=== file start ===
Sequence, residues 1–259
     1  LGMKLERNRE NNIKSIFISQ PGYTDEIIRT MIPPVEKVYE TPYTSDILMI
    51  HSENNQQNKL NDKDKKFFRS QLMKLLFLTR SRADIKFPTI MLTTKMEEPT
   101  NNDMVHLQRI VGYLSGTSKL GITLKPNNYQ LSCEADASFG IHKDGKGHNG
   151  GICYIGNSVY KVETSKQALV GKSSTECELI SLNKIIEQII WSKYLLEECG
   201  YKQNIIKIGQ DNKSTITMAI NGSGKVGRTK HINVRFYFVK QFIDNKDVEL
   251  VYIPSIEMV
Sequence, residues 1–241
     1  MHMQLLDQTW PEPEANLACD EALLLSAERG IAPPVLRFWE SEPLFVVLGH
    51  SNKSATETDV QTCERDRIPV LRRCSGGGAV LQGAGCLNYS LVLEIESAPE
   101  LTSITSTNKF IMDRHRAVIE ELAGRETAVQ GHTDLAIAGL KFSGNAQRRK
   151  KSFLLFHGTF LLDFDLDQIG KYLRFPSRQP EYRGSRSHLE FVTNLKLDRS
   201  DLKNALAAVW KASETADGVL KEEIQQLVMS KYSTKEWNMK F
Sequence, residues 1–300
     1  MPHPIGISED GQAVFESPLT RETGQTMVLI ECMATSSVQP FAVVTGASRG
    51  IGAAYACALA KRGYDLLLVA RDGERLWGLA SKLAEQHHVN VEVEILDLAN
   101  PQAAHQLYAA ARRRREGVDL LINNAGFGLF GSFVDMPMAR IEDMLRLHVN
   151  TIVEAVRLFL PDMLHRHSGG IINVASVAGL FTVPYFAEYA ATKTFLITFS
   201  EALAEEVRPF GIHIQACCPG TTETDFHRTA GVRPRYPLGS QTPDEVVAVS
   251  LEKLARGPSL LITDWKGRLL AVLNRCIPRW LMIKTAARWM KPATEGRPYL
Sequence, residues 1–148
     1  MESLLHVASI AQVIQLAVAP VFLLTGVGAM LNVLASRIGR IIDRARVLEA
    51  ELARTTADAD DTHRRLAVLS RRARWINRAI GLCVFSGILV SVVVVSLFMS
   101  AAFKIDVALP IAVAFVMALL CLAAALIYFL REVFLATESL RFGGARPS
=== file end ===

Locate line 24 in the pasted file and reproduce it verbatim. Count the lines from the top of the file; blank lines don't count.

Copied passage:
   101  AAFKIDVALP IAVAFVMALL CLAAALIYFL REVFLATESL RFGGARPS